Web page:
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May 2014

Thoughts on Leadership and Other Things

Wickipedia defines a “straw man” as a common type of argument and is an informal fallacy based on the misrepresentation of an opponent’s argument. To be successful, a straw man argument requires that the audience be ignorant or uninformed of the original argument.

The on-line dictionary goes on to state that attacking a straw man implies an adversarial or combative debate, and creates the illusion of having completely refuted or defeated an opponent’s proposition by covertly replacing it with a different proposition. Politicians hide behind straw man arguments every day.

Because it is so widely used in political discourse and has largely replace honest debate I should not be surprised to find that the use of straw man arguments has found its way into other areas. I recently attended a discussion involving a group of executives and owner managers who run small businesses. These were not mom and pop operations but small businesses with employees and a steady base of customers. In the course of discussing the subject that brought these individuals together, I found one these individuals use just such a device.

It became evident to me that this individual resorted to this tactic because he was unsure how to explain his point of view My first reaction on hearing this individual default to this tactic was that he was letting his ego get in the way due to his inability to define the scope of the problem or put forth objective criteria. As the facilitator of the discussion, and to avoid having the group detour even further into the weeds, I suggested a halt at this point to take a break and relax for a few minutes.

Once the group got back together again, I opened the discussion on the subject of leadership and change asking the group to set aside any conclusions they may have and discuss the ethical question in front of them from the perspective of their leadership and how they deal with change. I went further and suggested that they debate different aspects of the question for the purpose of examining the merit that might exist in each person’s argument.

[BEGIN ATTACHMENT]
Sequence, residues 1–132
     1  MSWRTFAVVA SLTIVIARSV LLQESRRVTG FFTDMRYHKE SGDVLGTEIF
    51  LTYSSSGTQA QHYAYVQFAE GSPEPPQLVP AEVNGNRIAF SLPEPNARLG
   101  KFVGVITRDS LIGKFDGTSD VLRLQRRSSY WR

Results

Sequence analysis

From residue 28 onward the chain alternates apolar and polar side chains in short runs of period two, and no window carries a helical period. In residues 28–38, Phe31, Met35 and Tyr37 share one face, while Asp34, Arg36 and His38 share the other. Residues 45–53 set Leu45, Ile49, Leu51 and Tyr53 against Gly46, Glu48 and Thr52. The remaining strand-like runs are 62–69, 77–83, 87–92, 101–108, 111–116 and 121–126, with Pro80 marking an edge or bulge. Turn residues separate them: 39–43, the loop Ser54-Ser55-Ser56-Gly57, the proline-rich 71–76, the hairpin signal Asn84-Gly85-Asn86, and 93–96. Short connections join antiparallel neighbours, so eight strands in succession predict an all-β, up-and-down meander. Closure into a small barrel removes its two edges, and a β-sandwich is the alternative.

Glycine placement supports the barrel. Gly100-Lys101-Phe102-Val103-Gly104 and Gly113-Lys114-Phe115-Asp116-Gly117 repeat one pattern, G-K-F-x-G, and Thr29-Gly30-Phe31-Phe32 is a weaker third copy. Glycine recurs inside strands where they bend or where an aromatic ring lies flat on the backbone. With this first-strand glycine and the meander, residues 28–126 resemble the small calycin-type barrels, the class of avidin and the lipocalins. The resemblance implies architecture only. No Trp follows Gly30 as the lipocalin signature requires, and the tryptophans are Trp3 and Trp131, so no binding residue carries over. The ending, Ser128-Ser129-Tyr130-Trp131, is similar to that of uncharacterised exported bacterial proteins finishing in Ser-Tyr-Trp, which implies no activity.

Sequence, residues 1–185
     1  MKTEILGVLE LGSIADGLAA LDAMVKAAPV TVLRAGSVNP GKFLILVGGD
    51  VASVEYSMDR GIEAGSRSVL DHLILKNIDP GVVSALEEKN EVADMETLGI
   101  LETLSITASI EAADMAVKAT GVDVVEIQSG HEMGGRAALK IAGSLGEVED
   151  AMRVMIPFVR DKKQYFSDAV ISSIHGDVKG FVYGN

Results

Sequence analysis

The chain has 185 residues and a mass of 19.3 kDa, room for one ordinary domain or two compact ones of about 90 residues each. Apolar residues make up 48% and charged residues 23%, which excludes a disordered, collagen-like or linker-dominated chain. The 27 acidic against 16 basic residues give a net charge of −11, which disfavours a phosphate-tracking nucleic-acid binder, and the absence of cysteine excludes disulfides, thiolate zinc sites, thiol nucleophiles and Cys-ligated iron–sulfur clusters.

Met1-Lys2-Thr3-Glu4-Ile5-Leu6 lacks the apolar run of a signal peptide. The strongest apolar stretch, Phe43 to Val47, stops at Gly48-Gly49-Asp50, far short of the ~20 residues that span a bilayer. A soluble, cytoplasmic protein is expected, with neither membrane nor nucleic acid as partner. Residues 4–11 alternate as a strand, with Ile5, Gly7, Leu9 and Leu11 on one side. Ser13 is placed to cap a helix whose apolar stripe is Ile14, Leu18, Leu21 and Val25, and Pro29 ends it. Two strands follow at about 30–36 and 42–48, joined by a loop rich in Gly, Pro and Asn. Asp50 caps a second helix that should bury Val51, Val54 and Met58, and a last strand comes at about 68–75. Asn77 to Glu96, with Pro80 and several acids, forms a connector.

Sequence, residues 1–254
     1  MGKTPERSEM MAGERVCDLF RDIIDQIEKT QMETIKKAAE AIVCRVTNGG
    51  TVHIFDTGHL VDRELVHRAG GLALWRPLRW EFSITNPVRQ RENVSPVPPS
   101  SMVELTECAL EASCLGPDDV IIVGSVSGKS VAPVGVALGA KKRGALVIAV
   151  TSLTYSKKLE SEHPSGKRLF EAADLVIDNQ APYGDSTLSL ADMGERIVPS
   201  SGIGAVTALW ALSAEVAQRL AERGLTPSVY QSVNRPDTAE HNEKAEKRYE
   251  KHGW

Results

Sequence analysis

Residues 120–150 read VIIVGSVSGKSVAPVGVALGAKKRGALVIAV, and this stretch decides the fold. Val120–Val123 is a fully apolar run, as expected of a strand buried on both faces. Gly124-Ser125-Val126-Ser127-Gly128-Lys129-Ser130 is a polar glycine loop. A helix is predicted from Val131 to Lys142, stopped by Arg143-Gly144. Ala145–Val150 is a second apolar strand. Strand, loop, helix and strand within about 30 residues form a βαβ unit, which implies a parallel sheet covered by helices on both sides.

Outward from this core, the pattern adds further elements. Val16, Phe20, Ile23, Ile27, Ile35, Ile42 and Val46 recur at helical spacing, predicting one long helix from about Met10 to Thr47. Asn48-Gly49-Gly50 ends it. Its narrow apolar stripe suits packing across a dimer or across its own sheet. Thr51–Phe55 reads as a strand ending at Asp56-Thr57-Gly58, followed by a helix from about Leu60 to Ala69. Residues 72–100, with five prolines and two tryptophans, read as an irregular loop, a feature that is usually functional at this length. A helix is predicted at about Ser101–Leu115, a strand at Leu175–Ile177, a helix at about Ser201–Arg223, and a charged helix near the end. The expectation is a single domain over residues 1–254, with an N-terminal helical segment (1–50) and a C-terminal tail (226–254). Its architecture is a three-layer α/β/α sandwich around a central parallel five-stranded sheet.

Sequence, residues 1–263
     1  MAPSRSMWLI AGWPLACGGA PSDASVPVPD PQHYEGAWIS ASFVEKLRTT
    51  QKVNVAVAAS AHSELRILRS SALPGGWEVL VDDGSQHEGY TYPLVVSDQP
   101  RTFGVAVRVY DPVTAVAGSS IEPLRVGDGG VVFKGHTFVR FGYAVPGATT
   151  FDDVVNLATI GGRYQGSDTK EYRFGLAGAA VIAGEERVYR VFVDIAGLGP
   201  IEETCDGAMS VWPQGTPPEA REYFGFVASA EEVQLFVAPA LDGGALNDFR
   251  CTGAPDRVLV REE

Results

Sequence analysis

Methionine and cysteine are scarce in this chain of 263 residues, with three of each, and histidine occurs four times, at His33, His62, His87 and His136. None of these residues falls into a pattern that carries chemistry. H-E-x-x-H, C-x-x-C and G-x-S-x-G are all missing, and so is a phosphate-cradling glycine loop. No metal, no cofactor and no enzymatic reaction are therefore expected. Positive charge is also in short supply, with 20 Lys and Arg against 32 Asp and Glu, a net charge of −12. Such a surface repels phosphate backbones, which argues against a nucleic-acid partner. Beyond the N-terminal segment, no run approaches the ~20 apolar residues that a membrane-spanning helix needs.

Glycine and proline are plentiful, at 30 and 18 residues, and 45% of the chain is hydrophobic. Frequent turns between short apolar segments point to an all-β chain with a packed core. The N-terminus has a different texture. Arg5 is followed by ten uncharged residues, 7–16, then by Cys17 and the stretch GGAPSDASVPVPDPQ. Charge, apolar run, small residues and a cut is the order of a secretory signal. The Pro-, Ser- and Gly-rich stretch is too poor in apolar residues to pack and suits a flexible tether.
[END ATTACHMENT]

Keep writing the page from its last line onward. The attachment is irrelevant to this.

As successful business people they have a strong sense of who they are and what they want for the continued success of their companies. The discussion ended well that day with this group of executives have a better understanding of themselves and I learned something about myself that day as well that will help me be a better facilitator.

I find it very interesting contrast between these small businesses when compared to how larger companies operate. In larger companies run by professional managers accountability is, more often than not, given lip service, and when things go wrong, these same managers try to handle/manage the crisis, and if there is public outrage fanned erroneous reporting or deliberate media distortion these managers try to placate the outrage by firing a few people. This is almost always followed now by a Kibuki theatrical performance and lawyerly written apologies, and, when all else fails, money is offered.

I contrast what goes on in the larger business world with smaller companies like the ones represented by the group I work with, and it gives me a greater appreciation for the courage and willingness of these individuals to take on the risks necessary for their businesses to succeed.

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